You reach for your coffee mug and head for a refill when a coworker stops you in the hall. He’s discovered an alternative treatment, he tells you. Like caffeine, it improves concentration and alleviates drowsiness. But it won’t give you heartburn or heighten your blood pressure. It’s also been clinically proven to elevate your mood, enhance your creativity, and improve your memory.

Sound too good to be true? It turns out that you used to use this technique all the time. So did your ancient ancestors. It’s called napping.

The tide is changing on workplace napping. In fact, some organizations are so convinced that sleep improves performance, they’re investing thousands of dollars every year in encouraging employees to literally sleep on the job. Among the more generous spenders are Huffington Post–AOL, P&G, and Cisco, all of which have installed Energy Pods in their offices. Retailing at about $8,000, the Energy Pod represents the Rolls-Royce of napping accommodations. Climb into the futuristic-looking capsule and you’ll find yourself reclining on a leather couch that tilts your feet above your heart, improving circulation. A visor prevents light from entering, while ambient sounds slowly lull you to sleep. After twenty minutes of peaceful restoration, a timer goes off, waking you with a gentle vibration.

Yahoo! and Time Warner outsource their napping to local spas that allow employees to recharge in private rooms, complete with aromatherapy and a selection of nature soundtracks. Zappos, Ben & Jerry’s, and even Nike (Nike!) designate in-office “quiet rooms” for employees to sleep or meditate.


Why Disconnecting Is So Much Harder Than It Looks

Staying connected is addictive. It helps us feel needed, in the know, productive. But constant communication comes with a cost. An onslaught of e-mails, text messages, and phone calls breeds a sense of perpetual emergency, fostering an ongoing stress response in the brain.

When we can’t fully log off, we can’t fully recover.

It used to be the case that managers had to push employees to work harder. Today the opposite seems to be happening. In many industries, a key to retaining top talent involves protecting employees from working nonstop, which is why some pioneering organizations are starting to take matters into their own hands, leaving employees little choice but to recharge.

Volkswagen, for example, has begun turning off its e-mail server thirty minutes after the end of a shift and turning it back on just before the start of the next one. They’re not alone in limiting access. Other organizations, like Empower Public Relations in Chicago, are also adopting an e-mail blackout policy, because they find that it helps employees arrive at work fresher the next day.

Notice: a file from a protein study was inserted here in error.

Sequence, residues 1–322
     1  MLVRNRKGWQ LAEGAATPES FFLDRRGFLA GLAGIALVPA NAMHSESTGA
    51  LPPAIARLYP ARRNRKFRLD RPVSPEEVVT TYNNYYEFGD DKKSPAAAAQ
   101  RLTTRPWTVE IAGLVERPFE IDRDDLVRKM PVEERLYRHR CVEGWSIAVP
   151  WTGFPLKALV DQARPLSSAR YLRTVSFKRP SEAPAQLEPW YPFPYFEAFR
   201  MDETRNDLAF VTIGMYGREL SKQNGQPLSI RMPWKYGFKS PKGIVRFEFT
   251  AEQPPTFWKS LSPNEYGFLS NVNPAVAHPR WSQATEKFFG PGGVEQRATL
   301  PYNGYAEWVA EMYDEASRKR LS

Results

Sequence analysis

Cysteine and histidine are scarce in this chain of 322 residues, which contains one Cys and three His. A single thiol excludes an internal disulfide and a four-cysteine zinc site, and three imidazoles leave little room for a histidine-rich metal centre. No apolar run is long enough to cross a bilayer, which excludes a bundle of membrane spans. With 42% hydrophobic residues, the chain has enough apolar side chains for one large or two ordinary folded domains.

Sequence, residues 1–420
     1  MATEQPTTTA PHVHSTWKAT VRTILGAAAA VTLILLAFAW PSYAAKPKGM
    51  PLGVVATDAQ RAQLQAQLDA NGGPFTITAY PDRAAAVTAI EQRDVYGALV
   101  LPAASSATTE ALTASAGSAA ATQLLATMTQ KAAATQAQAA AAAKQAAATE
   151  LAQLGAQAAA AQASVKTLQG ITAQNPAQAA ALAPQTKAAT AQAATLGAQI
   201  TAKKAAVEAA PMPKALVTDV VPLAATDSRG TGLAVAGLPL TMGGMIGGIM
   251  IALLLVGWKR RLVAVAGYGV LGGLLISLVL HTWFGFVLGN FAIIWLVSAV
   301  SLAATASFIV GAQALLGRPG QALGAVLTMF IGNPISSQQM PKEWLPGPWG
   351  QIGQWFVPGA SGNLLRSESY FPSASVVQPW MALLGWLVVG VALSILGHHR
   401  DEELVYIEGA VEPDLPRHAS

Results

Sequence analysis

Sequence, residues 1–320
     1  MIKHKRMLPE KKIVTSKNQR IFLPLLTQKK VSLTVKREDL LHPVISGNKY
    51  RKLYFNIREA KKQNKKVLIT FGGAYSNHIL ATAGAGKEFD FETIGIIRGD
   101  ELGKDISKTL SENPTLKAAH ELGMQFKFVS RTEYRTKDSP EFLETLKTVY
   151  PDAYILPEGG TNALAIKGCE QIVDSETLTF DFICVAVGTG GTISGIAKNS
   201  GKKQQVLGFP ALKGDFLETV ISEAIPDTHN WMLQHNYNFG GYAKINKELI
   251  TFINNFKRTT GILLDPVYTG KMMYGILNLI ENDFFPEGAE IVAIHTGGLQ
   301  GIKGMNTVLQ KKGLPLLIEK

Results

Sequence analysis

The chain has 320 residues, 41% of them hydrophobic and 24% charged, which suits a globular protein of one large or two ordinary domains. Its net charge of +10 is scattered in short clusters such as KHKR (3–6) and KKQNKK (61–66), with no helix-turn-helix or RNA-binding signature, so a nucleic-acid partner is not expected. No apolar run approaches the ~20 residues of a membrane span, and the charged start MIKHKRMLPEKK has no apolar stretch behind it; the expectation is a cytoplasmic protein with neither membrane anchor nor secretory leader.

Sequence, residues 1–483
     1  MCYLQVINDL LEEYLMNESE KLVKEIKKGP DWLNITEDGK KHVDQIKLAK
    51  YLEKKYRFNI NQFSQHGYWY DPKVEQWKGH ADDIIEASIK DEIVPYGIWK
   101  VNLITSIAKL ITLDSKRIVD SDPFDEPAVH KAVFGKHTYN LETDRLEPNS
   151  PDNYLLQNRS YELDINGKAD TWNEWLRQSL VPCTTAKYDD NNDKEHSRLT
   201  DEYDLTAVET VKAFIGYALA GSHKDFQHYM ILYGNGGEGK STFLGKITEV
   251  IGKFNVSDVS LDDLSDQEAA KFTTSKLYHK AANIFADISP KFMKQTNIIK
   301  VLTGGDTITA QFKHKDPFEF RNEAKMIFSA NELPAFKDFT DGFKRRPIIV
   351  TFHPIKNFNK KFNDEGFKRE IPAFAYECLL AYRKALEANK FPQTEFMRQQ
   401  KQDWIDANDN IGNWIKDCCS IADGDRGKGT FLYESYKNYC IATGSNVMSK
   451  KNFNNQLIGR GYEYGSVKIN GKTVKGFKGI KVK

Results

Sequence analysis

Daimler, another German automaker, has programmed its server to automatically delete e-mails received during employee vacations, telling senders who they can contact in an employee’s absence. Even the highly regarded Boston Consulting Group has begun monitoring employee paid time off (PTO)—not to identify employees who take too much personal time, but to flag individuals who accrue too many hours without taking a break.

A surprising number of companies have stopped limiting vacation time altogether, including IBM, Evernote, and Netflix. It’s a way of communicating trust in their employees and encouraging them to take the time they need when they need it.

But the workplace with the most outrageously pro–time off policy? Without a doubt, that title belongs to FullContact, a Denver software company that in 2012 implemented a program that actually pays employees $7,500 to take their family on vacation. There are, however, a few strings attached. To receive the bonus, employees must first agree to three strict provisions, as outlined on the blog of FullContact CEO Bart Lorang:

  • You have to go on vacation, or you don’t get the money.
  • You must disconnect.
  • You can’t work while on vacation.

And just why are they being so generous? Lorang put it this way: “We’ll be a better company if employees disconnect.”